|Bluebird Pas de Deux|
|by Igor Stravinsky|
Bluebird Pas de Deux is a 1941 arrangement for chamber orchestra of a short section of Pyotr Ilyich Tchaikovsky's The Sleeping Beauty composed by Igor Stravinsky. It was used in Lucia Chase's Bluebird ballet.
This arrangement was initially commissioned by Lucia Chase, the founding director of the Ballet Theatre, in January 1941. The commission consisted of a short arrangement of the four parts composing the No. 25, Pas de deux de l'Oiseau bleu et la Princesse Florine, in Act III of Tchaikovsky's The Sleeping Beauty. Though, initially, Tchaikovsky intended this to be a pas de quatre, Marius Petipa changed it in the original production, hence Stravinsky's title. This was Stravinsky's first commission as an expatriate in the United States. Stravinsky re-scored the piece in a few days and, according to fellow composer Robert Craft, he enjoyed his work.
Given the fact that only portions of the score had gotten to the United States by this time, and were only available in the form of piano reductions, this was a re-orchestration on the part of Stravinsky, which is why it is often entitled a "re-scoring" by other Stravinsky experts. This was not the first time Stravinsky orchestrated a segment from The Sleeping Beauty, as he also orchestrated a very brief solo variation in Act II (No. 15b) and the Entr'acte that opened the following scene (No. 18). On this occasion, the arrangement was composed as commissioned by Sergei Diaghilev. However, in the case of Bluebird, Stravinsky had to adapt to the company's orchestra's condition, as it had been depleted by the military draft just months before the US involvement in World War II.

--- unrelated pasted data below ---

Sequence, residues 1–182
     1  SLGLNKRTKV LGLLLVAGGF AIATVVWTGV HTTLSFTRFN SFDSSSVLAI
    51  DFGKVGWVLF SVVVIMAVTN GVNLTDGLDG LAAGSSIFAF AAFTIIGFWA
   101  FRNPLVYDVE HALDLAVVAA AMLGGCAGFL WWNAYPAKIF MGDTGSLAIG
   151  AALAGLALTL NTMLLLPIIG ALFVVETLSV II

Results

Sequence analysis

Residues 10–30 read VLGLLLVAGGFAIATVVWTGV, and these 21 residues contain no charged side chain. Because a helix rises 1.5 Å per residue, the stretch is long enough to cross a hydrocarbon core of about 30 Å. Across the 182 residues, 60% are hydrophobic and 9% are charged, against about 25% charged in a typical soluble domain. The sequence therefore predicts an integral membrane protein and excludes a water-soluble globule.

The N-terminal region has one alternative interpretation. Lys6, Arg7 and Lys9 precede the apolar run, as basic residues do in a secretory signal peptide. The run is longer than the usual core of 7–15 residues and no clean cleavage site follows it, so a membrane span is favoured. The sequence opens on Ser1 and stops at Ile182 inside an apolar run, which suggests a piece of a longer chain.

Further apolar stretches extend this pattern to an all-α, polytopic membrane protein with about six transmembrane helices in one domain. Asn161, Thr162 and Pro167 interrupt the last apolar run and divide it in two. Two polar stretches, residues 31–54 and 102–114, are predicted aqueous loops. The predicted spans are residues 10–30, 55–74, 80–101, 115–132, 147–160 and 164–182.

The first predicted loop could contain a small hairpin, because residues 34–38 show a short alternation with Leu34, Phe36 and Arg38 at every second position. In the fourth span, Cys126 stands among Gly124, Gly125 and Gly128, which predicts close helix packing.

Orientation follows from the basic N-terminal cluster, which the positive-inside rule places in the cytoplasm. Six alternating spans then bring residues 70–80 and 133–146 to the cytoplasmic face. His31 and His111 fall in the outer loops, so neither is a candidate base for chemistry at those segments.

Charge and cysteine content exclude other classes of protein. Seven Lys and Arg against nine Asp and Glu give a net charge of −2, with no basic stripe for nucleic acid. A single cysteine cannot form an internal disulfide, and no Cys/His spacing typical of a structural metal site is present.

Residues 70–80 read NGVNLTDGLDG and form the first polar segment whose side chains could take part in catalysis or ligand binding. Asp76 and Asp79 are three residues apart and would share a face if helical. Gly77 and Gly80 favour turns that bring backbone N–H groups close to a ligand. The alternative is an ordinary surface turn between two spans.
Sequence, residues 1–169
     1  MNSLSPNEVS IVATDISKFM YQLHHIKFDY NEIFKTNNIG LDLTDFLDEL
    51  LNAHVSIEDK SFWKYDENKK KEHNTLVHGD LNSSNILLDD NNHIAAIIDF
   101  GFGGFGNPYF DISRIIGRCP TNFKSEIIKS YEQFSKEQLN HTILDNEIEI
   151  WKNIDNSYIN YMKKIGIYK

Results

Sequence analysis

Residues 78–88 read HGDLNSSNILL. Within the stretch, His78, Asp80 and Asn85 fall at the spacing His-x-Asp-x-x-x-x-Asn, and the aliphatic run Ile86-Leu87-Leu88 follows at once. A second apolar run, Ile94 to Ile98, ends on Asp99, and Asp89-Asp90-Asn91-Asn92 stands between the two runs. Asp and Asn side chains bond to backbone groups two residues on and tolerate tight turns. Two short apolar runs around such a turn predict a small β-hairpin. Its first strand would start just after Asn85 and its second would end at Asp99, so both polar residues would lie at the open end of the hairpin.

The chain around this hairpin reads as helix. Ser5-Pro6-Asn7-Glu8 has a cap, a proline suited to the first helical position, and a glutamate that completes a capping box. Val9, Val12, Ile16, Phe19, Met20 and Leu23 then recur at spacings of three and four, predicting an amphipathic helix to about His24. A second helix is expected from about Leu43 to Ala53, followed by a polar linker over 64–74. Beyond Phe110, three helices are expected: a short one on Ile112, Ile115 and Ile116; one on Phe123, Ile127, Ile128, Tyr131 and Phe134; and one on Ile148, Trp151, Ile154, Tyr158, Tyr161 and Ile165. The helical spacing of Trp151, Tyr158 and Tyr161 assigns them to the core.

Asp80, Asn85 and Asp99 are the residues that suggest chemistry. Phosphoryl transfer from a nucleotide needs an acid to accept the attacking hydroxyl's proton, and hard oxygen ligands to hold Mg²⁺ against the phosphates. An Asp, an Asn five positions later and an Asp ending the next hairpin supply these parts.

As in the original, this short ballet consists of four movements:
- Variation I. Tempo di valse
- Variation II. Andantino
- Coda. Con moto
Bluebird Pas de Deux is scored for a large ensemble consisting of a flute, an oboe, two clarinets, a bassoon, a French horn, two trumpets, two trombones, timpani, and a string section consisting of five violins, four violas, three cellos and two double basses. As an original addition, Stravinsky did not actually reduce the orchestra, but rather chose to include a piano to provide a new element to help articulation and sonority. According to Stravinsky himself, "the prominent piano part [...] helps to conceal the small number of strings" in Bluebird Pas de Deux.
This is one of the least published and performed pieces by Stravinsky. Following is a short list of recordings of this piece:
- Robert Craft recorded the piece with the Twentieth Century Classics Ensemble at the American Academy of Arts and Letters in New York City on October 28, 2008. The recording was released in 2011 by Naxos Records.
- Craft, Robert. "Stravinsky, I.: Duo concertant / Sonata for 2 Pianos / Requiem Canticles (Frautschi, Denk, Philharmonia Orchestra, Craft) (Stravinsky, Vol. 12)". www.naxos.com. Retrieved 16 February 2019.
- Freed, Richard. ""Bluebird" Pas de Deux from Act III of The Sleeping Beauty, Op. 66". Kennedy Center. Retrieved 17 February 2019.
- Oliver, Michael. "Stravinsky Biaser de la fée; Bluebird Pas de deux". www.gramophone.co.uk. Retrieved 17 February 2019.
- "Igor Stravinsky - Bluebird Pas de Deux (1941) - Music Sales Classical". www.musicsalesclassical.com. Retrieved 17 February 2019.
- Leonard, James. "Bluebird Pas-de-deux,… | Details". AllMusic. Retrieved 17 February 2019.